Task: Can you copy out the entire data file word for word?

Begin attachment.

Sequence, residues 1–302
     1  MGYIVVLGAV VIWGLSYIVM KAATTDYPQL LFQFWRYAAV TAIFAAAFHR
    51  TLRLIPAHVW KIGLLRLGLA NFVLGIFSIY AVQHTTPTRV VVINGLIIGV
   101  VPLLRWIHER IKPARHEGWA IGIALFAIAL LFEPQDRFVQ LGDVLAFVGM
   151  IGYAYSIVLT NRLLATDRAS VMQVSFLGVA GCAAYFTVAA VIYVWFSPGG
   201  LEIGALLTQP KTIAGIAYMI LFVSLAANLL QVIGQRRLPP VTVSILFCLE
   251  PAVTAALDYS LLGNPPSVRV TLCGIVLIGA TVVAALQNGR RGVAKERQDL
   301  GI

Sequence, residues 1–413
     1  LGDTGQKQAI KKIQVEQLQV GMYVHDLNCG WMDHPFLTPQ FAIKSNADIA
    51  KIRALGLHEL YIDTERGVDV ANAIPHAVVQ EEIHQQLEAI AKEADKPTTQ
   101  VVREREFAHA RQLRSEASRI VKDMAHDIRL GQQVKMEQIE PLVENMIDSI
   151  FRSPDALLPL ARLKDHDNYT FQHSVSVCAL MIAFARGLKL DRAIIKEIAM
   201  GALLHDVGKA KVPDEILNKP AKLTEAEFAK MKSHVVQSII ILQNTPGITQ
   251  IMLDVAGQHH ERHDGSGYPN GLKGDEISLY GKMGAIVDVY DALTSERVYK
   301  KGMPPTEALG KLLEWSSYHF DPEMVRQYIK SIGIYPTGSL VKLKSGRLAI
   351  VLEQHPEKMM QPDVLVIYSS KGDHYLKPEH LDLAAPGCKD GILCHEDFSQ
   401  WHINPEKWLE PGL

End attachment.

Sequence, residues 1–302
     1  MGYIVVLGAV VIWGLSYIVM KAATTDYPQL LFQFWRYAAV TAIFAAAFHR
    51  TLRLIPAHVW KIGLLRLGLA NFVLGIFSIY AVQHTTPTRV VVINGLIIGV
   101  VPLLRWIHER IKPARHEGWA IGIALFAIAL LFEPQDRFVQ LGDVLAFVGM
   151  IGYAYSIVLT NRLLATDRAS VMQVSFLGVA GCAAYFTVAA VIYVWFSPGG
   201  LEIGALLTQP KTIAGIAYMI LFVSLAANLL QVIGQRRLPP VTVSILFCLE
   251  PAVTAALDYS LLGNPPSVRV TLCGIVLIGA TVVAALQNGR RGVAKERQDL
   301  GI

Sequence, residues 1–413
     1  LGDTGQKQAI KKIQVEQLQV GMYVHDLNCG WMDHPFLTPQ FAIKSNADIA
    51  KIRALGLHEL YIDTERGVDV ANAIPHAVVQ EEIHQQLEAI AKEADKPTTQ
   101  VVREREFAHA RQLRSEASRI VKDMAHDIRL GQQVKMEQIE PLVENMIDSI
   151  FRSPDALLPL ARLKDHDNYT FQHSVSVCAL MIAFARGLKL DRAIIKEIAM
   201  GALLHDVGKA KVPDEILNKP AKLTEAEFAK MKSHVVQSII ILQNTPGITQ
   251  IMLDVAGQHH ERHDGSGYPN GLKGDEISLY GKMGAIVDVY DALTSERVYK
   301  KGMPPTEALG KLLEWSSYHF DPEMVRQYIK SIGIYPTGSL VKLKSGRLAI
   351  VLEQHPEKMM QPDVLVIYSS KGDHYLKPEH LDLAAPGCKD GILCHEDFSQ
   401  WHINPEKWLE PGL